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Can it be possible SQL Login creation with an empty password Expand / Collapse
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Posted Wednesday, July 24, 2013 2:04 AM
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Hi

I would like to know that, Is that possible to create SQL Login with blank password in SQL Server...

Please advise !!!
Post #1476911
Posted Wednesday, July 24, 2013 2:51 AM


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Yes, it's possible. But is is a real security risk and never -ever- recommended. Are you really sure you can not define a password?

This is how you do it:
1.) In the GUI don't enter a password and clear the checkbox "enforce password policy".
or
2.) With T-SQL:
CREATE LOGIN [login_name] WITH PASSWORD=N'', DEFAULT_DATABASE=[database_name], CHECK_EXPIRATION=OFF, CHECK_POLICY=OFF



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Post #1476930
Posted Wednesday, July 24, 2013 7:49 AM
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Thanks all you guys for responding,but I believe in the older version of SQL Server (200 and below) can only possible.... am i correct ? and for SQL 2005 onwards this has been changed and will not allow to have blank password. Please correct me if any information on this...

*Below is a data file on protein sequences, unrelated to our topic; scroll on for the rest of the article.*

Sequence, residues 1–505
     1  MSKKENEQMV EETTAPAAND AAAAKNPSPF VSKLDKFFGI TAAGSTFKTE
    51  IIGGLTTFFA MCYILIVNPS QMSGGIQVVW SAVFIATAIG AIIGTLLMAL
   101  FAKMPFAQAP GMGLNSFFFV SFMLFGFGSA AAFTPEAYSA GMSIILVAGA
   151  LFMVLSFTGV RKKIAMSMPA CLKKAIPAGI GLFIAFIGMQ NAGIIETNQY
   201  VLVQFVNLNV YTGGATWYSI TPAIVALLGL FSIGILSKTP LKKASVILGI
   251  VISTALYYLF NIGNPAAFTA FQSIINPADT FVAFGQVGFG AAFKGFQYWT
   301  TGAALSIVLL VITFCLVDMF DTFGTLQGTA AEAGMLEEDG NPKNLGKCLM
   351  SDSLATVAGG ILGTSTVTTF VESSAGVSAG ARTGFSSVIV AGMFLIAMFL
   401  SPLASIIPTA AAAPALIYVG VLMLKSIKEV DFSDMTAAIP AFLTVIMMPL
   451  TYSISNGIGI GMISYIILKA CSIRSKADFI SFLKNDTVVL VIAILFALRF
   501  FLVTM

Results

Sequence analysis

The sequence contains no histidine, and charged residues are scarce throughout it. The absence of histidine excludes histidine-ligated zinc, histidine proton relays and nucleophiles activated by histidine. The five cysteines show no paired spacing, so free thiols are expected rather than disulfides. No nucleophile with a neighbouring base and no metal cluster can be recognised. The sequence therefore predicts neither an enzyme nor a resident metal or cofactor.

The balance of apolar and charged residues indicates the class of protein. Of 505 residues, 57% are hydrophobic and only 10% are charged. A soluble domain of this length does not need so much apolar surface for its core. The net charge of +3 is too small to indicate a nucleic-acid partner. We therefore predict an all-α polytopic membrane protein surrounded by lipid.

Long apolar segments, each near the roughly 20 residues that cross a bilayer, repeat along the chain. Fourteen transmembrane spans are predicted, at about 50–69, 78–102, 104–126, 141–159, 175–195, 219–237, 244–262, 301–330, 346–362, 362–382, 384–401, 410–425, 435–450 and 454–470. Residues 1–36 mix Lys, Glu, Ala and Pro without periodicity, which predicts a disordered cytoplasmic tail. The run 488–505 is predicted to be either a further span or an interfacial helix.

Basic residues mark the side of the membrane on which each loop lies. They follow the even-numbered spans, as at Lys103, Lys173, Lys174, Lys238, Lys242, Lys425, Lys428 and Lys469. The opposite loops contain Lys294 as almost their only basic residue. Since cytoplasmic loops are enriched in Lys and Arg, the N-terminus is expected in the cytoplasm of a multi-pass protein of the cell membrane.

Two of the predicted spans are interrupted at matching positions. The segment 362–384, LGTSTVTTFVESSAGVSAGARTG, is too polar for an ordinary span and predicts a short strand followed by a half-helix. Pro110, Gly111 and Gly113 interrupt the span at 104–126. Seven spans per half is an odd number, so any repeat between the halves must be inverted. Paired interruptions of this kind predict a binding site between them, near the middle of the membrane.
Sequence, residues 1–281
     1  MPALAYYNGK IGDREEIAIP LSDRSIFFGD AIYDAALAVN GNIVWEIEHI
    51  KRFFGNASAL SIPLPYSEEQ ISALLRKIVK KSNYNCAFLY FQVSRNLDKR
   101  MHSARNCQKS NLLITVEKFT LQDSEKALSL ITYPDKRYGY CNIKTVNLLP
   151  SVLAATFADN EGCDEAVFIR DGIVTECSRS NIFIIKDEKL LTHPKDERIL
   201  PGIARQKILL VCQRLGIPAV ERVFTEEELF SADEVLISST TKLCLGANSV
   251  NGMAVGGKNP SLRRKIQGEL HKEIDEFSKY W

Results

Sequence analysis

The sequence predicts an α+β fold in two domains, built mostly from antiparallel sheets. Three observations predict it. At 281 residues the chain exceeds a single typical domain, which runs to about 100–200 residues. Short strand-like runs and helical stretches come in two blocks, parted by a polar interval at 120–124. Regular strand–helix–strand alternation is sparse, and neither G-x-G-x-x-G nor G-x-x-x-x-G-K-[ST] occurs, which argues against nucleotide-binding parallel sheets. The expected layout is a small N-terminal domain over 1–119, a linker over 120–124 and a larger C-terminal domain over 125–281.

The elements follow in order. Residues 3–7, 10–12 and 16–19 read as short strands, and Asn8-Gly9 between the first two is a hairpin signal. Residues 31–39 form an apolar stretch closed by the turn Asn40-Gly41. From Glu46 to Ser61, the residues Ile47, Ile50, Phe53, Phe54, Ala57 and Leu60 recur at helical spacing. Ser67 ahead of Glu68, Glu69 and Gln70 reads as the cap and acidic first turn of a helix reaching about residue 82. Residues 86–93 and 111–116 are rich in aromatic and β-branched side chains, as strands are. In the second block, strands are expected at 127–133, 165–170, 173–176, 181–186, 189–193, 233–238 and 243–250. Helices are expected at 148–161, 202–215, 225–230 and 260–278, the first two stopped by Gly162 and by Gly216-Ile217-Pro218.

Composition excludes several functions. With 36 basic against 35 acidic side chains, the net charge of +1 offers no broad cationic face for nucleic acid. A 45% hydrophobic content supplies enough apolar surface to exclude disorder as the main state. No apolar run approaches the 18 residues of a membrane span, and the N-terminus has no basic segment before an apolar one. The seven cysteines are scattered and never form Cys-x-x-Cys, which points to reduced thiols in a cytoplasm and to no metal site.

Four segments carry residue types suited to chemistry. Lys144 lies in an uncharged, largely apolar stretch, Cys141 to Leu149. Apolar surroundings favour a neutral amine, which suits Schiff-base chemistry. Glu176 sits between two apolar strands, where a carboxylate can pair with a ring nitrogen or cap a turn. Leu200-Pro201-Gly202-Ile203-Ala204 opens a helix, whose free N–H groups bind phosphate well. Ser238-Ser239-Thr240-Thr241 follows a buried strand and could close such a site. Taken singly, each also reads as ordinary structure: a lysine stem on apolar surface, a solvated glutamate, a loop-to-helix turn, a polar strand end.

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Post #1477068
Posted Wednesday, July 24, 2013 8:04 AM


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mohan.bndr (7/24/2013)
Thanks all you guys for responding,but I believe in the older version of SQL Server (200 and below) can only possible.... am i correct ? and for SQL 2005 onwards this has been changed and will not allow to have blank password. Please correct me if any information on this...


Great Persons ...Good Involvement


Did you try it? The code posted will generate a login with a blank password.


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Post #1477077
Posted Thursday, July 25, 2013 12:44 PM


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mohan.bndr (7/24/2013)
Thanks all you guys for responding,but I believe in the older version of SQL Server (200 and below) can only possible.... am i correct ? and for SQL 2005 onwards this has been changed and will not allow to have blank password. Please correct me if any information on this...

Yes, it is technically possible to have a SQL Server account with blank password, I saw this the other day on a SQL Server 2008 R2 instance. Perhaps it was an artifact left over from a 2000 -> 2005/2008 migration, but it was there.

For identifying weak SQL Server accounts, I use the following:

-- There are several frequently used password lists posted on the web. 
-- Here are a few, but perhaps 100 or more could be inserted here.
declare @pw table (pwtext varchar(180) not null primary key);
insert into @pw (pwtext)
values ('password'), ('123456'), ('12345678'), ('1234'), ('qwerty'), ('12345');
select name, type_desc, create_date, modify_date, password_hash
from sys.sql_logins l
join @pw pw on pwdcompare(pw.pwtext, l.password_hash) = 1;

-- Query accounts with empty password:
select name, type_desc, create_date, modify_date, password_hash
from sys.sql_logins
where pwdcompare('', password_hash) = 1;

-- Query accounts where password = account name:
select name, type_desc, create_date, modify_date, password_hash
from sys.sql_logins
where pwdcompare(name, password_hash) = 1;




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